Well Im for anything that doesnt take ten years to do, Ron.

I think thats the most important thing.

And if you cant get bank financing and don't want to take partners, then what is your plan?

Ten years?  I agree….. that’s too long.  That’s why I’m glad my project, once started, will take only around two years.  My 215 N. Laura Street project, the bookstore/café building, took me two years and four months from purchase to opening.  That time includes the six months in the beginning when I did almost nothing to the building.  Therefore, one could say that once started, the 215 building took me less than two years.

Not having the assets to do more than one semi-major project at a time, I have delayed starting the 225 project, and probably will not begin any work until April.  Therefore, if the two year duration for the project is realized, I will finish it in the spring of 2015.

Of course, the most important thing is not the objective of finishing a project within a set period.  The most important thing is to finish it.  The second most important thing is to finish it within a reasonable amount of time.  Two years is within reason in my view.

A bank loan?  Given my background of having paid every penny I’ve owed to all creditors for over fifty years, of never failing in a business, of consistently expanding in my current business for almost forty years while many others in the same business have failed….. I think any reasonable bank will seriously entertain a loan to me for the project.

Although I’ve suggested that the loan might be as high as $800,000, further thought allows me to say that two things will allow the loan to be less.  The first is that I will be able to do more of the preliminary work on the project myself, using my own money, than I had at first thought.  And secondly,  I anticipate selling my house so that I can contribute perhaps $200,000 additional to the project.  Therefore the loan might be as low as $400K to $500K.

In any case, thanks for the questions Stephen, but somehow, I am confident about the project.  My plan?  I have the same attitude as many people do about things like this…… which is simply that … “For many of us, no matter what some mediocrities or idiots place in front of us, we will force the son-of-a-bitch to completion.”   How or why?  Through the same process that allows many people to finish projects.  I can see within my mind the entire process of renovation, from beginning to end, with all the details.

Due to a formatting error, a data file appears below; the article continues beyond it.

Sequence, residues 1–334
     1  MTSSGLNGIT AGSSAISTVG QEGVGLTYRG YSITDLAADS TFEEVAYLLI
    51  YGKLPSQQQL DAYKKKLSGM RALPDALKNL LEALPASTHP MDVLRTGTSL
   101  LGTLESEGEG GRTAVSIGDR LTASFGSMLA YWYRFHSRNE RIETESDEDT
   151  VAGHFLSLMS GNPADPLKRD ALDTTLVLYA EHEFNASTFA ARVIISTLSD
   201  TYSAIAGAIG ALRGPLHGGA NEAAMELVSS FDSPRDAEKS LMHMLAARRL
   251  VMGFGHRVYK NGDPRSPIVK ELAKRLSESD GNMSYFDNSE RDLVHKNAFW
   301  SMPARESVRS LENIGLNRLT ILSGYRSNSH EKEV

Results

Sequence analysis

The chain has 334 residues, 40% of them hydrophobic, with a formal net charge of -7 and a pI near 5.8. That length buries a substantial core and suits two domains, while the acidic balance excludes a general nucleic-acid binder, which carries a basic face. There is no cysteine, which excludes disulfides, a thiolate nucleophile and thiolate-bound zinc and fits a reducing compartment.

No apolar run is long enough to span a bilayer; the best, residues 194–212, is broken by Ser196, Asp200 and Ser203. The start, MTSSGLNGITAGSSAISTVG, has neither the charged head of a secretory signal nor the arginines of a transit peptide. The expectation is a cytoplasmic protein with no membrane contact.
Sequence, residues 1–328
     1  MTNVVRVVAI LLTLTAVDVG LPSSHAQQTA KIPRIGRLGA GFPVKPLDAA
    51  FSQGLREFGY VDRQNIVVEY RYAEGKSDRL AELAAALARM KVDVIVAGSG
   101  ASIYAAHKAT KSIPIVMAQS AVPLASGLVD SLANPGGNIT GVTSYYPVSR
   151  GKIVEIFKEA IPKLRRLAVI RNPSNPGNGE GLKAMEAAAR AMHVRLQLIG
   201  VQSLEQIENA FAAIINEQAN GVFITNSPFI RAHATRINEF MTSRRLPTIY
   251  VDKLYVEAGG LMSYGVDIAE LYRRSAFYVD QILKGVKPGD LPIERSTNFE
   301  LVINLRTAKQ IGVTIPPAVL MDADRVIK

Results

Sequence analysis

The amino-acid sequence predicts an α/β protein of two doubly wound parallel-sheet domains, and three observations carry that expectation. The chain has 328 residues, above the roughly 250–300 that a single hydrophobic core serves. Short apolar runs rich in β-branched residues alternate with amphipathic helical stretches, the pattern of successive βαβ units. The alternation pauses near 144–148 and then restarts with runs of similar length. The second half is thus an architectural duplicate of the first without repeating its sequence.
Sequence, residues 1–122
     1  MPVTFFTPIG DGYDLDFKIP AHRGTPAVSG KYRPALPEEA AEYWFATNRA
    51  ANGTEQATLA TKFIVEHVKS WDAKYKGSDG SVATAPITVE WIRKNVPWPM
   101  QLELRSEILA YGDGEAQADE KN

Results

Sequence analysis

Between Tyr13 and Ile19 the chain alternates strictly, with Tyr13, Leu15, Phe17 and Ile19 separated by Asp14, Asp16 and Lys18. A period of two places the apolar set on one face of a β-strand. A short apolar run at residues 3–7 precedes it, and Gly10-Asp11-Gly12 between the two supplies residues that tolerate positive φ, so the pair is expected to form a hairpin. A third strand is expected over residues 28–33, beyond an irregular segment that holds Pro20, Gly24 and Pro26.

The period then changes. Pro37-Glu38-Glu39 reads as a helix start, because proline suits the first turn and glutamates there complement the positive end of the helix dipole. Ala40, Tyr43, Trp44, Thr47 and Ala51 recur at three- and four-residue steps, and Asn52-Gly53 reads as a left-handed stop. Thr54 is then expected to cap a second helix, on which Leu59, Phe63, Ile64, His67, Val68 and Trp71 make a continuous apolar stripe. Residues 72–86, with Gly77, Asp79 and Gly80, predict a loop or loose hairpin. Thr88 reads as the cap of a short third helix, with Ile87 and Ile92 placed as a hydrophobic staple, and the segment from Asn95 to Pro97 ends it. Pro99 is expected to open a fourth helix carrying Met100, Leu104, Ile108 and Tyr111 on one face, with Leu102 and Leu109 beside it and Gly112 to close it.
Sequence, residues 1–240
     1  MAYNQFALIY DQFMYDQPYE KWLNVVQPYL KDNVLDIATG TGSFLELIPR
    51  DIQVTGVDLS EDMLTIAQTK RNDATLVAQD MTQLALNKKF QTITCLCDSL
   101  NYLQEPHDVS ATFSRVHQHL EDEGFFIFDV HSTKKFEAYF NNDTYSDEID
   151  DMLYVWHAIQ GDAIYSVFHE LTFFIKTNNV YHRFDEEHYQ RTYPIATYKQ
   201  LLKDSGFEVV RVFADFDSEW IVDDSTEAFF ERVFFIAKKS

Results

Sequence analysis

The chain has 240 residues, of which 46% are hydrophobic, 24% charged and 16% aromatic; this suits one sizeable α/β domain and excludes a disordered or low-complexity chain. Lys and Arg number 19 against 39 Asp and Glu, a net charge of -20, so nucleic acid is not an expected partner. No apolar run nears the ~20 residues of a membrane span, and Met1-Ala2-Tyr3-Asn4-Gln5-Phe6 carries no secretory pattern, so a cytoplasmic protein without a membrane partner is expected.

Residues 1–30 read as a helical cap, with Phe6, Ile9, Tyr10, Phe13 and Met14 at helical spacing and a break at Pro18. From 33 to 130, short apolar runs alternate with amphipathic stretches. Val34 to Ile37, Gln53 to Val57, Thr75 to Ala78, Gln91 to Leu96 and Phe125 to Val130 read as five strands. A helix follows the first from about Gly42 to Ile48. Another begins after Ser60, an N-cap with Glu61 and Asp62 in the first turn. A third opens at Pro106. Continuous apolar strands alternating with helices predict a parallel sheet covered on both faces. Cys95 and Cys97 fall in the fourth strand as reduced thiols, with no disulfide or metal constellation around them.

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Non-RedNeck Westsider

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Re: 225 Laura Street: A Downtown Core Renovation Project
« Reply #42 on: January 28, 2013, 04:17:48 PM »
@Ron,

I've been following this thread all morning and will continue to follow the project as it moves ahead. 

I'm only commenting to give you kudos for the random Chuck Norris signatures, but it leaves me with only one question:

If Chuck Norris is such a badass, then why aren't there any Bruce Lee jokes? 






Bruce Lee is no fucking joke.    ;D

Looking forward to the rest of what follows.
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kreger

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Re: 225 Laura Street: A Downtown Core Renovation Project
« Reply #43 on: January 28, 2013, 04:37:33 PM »
I'm so stoked about this! Chamblins is awesome just as it is, with one exception...It's not always open when I think it's going to be. I'm sure you will do a great job next door. If you have good food, good hours, and wine and beer I think you will do very well. I truly believe that downtown restaurants would all do well if they worked together and kept similar hours i.e. everybody stayed open on Friday and Saturday nights. This means without fail. Adding more restaurants would also help, as people like options when going out for a meal. This is why Avondale works so well. It only takes a few failed attempts at grabbing a coffee early or a meal late downtown until you go elsewhere. The Urban Core has the strangest hours for these things, too much focus is placed on lunch only. I wish you all the best, and am looking forward to what you come up with.

P.S. I'd suggest something like The Grotto in San Marco.

TPC

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Re: 225 Laura Street: A Downtown Core Renovation Project
« Reply #44 on: January 28, 2013, 04:49:08 PM »
I'm not a business owner but a few places that seem to do very well Down Town are Burrito Gallery, Indochine, and Dos Gatos to name a few.

The reason I feel these places do well is they offer great tasting unique items at good prices with great service. I know I'm being very general with these but if you hit those three points you should do well.

I think if you offered a great breakfast meals with fast service (Which isn't offered Downtown), a great lunch menu and had beer and wine available at night you could do quite well.